Vice-Admiral Mark Norman’s defence team took aim at the Department of Justice in an Ottawa court Monday, accusing the department of tweeting inaccurate information about the court’s proceedings.
Defence lawyer Marie Henein said at a pretrial hearing that the Department of Justice has taken to tweeting “what’s going on in court and issuing statements.”
The defence team’s position is that those public statements are “inaccurate,” said Ms. Henein, adding that after some back-and-forth between her office and the department, the tweets had been deleted and modifications had been made to fact sheets the department included in the tweets.
“It is not our practice, in an application before court, to be issuing timelines as to the application and posting it and commenting on why the pace of this litigation is going at the rate it is,” Ms. Henein said. “So we’ve made our position known in writing to the Department of Justice as to the propriety of that sort of behaviour.”
Ms. Henein said she wanted to put it on the record and that while she won’t say more now, the defence takes issue with the statements posted, and questioned why they would be posted in the first place.
“ … The materials are available and members of the press have been here and are following it quite closely and certainly are aware of the timelines.”
Earlier this month, Ms. Henein warned that she would seek subpoenas for Prime Minister Justin Trudeau’s former principal secretary Gerald Butts and Clerk of the Privy Council Michael Wernick to testify in court if they fail to produce documents the defence team requested in October. (Mr. Wernick announced Monday that he is retiring from the public service.) She said she was concerned about the “lack of responsiveness” to the court order and to subpoenas that request thousands of documents and records the defence team says it needs to defend Vice-Adm. Norman, who is charged with breach of trust.
At that time, Ms. Henein also said that the defence’s Third-Party Records application, which was made in October, included the request for documents of the former attorney-general, Jody Wilson-Raybould.
In a series of tweets that evening in what appeared to be an attempt to rebuff Ms. Henein’s comments, the Department of Justice claimed the request for Ms. Wilson-Raybould’s communications was new.
“We wanted to clarify that the defence’s request for communications between the Prime Minister’s Office, Privy Council Office and the former Minister of Justice mentioned in court today is a new request not included in their October 2018 Third-Party Records application," tweeted Justice Canada.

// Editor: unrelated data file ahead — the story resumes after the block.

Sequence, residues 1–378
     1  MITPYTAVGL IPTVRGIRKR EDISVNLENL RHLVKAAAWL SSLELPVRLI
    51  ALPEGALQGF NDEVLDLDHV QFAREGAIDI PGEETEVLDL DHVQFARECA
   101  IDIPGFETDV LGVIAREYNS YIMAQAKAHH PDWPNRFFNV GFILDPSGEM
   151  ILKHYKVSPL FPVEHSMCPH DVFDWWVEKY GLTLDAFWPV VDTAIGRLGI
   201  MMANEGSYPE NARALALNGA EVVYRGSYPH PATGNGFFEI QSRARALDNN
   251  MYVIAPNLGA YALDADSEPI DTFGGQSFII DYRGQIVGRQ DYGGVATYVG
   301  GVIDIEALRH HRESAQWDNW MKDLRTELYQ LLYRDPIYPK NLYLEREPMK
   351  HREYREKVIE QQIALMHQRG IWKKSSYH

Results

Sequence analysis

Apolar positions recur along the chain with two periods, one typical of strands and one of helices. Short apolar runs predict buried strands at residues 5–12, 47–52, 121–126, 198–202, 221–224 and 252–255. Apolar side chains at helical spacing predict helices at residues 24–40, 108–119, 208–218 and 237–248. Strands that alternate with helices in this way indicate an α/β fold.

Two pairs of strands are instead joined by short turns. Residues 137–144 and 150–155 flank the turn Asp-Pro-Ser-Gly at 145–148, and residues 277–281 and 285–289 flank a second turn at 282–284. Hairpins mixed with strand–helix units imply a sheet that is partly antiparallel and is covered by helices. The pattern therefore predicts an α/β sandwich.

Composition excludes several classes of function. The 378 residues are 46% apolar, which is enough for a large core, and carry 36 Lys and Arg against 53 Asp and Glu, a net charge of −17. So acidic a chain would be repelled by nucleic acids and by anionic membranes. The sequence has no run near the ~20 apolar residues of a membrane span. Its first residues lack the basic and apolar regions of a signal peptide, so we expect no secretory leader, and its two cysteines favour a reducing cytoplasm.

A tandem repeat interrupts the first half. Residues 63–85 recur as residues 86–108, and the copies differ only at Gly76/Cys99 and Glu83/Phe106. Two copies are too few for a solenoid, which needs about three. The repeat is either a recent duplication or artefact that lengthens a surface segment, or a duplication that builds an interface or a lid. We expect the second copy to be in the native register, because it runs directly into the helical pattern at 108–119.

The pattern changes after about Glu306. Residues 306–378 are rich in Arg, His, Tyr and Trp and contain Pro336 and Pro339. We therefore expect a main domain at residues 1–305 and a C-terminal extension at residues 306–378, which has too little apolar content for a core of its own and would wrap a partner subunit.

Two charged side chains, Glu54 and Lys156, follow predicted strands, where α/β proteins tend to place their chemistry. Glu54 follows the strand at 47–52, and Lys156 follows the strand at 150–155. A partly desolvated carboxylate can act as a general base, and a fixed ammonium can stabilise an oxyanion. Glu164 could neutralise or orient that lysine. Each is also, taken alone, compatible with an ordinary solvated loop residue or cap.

The Department of Justice tweeted a link to a fact sheet that included information about the Third-Party Records process, and tweeted, “As the fact sheet points out, the Government is providing documents to the judge for her review at the pace directed by her, and will continue to do so.”
“It is the court who will provide relevant documents to defence counsel. On March 6, 2019, the Government provided a further 317 documents to the court for review, bringing the total submitted to 996.”
The tweets have since been deleted and the fact sheet amended. When asked why the tweets were deleted, a spokesman for the Department of Justice said the tweets were sent to two journalists as “media relations outreach,” and that they later removed the tweets and followed up with journalists by e-mail.
Justice Heather Perkins-McVey said she did not want to comment on the tweets, but thanked Ms. Henein for putting it on the record.
Vice-Adm. Norman was suspended as the military’s second-in-command on Jan. 16, 2017, and charged last year with breach of trust for allegedly leaking government secrets in an attempt to influence cabinet’s decision on a $700-million shipbuilding contract with Quebec’s Davie shipyard. He has denied any wrongdoing.
The court also heard that an abuse of process motion the defence had scheduled for next week has been postponed because Ms. Henein still does not have the documents she has requested that she needs for her argument. Some of those documents have been released by the judge to the defence to review.
Department of Justice lawyer Robert MacKinnon told the court that the Department of Justice is expected to complete its collection of Ms. Wilson-Raybould’s documents within two weeks.